April 13, 2012

Micro-affiliates

Posted by: in Things To Watch

It’s one thing for a brand to have millions of followers on Twitter; it’s another to have that army doing some work for you. American Express recently started offering a credit to customers who tweet an Amex-related promotion (e.g., #AmexWholeFoods, to receive $25 off a $75 purchase at Whole Foods). U.K.-based Park Resorts, similarly, is offering savings and credits to brand followers who share promotional links.

“It’s simple and frictionless,” as Ed Gilligan of American Express told The New York Times. The ease of getting consumers to send a brand’s message certainly saves on media costs, and the message is more likely to be noted (Nielsen reports that 92% of consumers around the world trust recommendations from friends and word-of-mouth more than any other form of messaging). “Micro-affiliates,” as these consumer participants are sometimes termed, is an idea that fits well in a post-Groupon world, where deal-loving consumers respond to offers to save money they may not have spent otherwise. Aaron Barr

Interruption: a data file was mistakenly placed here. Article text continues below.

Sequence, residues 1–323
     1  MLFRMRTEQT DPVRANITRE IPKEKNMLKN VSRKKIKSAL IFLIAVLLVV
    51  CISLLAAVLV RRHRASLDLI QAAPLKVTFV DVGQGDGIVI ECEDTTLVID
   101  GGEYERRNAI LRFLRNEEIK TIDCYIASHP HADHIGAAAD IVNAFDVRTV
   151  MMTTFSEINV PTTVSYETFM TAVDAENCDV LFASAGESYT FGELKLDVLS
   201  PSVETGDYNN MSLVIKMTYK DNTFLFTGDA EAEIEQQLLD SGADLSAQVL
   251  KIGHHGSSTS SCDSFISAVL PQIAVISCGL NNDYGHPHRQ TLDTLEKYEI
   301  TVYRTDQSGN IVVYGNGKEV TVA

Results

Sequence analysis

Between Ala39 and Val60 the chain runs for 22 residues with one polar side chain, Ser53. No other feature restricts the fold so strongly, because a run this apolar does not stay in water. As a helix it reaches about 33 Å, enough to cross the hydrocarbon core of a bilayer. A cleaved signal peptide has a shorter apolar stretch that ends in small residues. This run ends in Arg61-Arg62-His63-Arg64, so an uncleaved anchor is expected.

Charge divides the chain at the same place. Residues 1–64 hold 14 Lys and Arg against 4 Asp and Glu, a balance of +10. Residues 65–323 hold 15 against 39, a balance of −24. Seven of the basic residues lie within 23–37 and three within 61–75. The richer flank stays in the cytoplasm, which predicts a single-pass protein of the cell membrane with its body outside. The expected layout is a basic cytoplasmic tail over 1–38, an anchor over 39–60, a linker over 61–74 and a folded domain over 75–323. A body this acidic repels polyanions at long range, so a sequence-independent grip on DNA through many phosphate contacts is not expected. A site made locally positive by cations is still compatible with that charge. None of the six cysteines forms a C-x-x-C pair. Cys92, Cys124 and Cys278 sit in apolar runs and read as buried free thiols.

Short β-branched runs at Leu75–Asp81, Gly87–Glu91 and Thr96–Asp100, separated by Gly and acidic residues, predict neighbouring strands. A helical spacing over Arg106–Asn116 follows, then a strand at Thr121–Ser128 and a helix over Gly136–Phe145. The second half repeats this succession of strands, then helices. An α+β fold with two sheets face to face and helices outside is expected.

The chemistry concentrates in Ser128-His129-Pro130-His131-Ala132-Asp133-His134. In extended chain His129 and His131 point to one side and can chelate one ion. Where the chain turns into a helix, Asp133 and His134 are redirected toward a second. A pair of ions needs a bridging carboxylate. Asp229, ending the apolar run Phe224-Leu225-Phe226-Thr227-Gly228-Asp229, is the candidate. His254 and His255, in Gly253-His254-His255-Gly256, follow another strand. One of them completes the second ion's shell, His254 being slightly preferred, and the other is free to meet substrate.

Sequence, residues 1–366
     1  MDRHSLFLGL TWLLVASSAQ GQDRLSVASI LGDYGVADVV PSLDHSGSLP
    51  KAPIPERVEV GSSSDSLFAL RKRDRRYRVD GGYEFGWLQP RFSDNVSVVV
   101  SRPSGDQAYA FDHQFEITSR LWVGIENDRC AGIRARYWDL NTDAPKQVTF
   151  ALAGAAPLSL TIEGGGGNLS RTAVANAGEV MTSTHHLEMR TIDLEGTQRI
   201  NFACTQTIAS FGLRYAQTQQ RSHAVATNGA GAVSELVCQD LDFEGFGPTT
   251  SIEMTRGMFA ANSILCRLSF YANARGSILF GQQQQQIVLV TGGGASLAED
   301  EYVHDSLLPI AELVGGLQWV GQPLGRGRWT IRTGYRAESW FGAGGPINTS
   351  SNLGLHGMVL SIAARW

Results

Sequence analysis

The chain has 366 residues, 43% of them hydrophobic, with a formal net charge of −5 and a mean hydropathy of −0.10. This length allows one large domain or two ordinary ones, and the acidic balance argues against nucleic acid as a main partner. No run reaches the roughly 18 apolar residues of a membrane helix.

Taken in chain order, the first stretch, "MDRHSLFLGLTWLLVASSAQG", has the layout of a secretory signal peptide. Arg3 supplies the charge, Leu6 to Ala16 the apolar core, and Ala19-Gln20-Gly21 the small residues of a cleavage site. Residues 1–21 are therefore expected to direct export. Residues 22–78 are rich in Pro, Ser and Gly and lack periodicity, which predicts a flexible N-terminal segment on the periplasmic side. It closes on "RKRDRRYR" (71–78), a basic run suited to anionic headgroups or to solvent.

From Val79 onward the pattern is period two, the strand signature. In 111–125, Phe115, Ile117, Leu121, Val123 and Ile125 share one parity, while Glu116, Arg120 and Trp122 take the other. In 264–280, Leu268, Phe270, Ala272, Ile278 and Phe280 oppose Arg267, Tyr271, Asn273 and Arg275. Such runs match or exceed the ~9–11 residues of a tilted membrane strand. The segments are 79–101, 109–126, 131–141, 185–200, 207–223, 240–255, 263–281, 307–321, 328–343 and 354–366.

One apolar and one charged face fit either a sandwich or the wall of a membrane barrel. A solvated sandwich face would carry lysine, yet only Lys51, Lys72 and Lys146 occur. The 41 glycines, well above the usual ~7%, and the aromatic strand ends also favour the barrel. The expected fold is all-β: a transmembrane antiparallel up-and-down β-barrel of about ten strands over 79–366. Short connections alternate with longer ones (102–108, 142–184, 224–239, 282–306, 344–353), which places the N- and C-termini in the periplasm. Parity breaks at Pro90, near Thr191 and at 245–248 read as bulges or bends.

Image credit: American Express

1 Response to "Micro-affiliates"

1 | babita baruah

April 14th, 2012 at 4:50 am

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My only issue in creating Micro Affiliates through a reward system is that there will be random sharing of promotional links only to get the credit. Even if the consumer does not believe in the quality or the promo itself as one of value. Word of mouth has traditionally worked only when there has been positive feedback and experience and consumers , without any reward bait, talk about it. Like on Trip Advisor or Food review sites.

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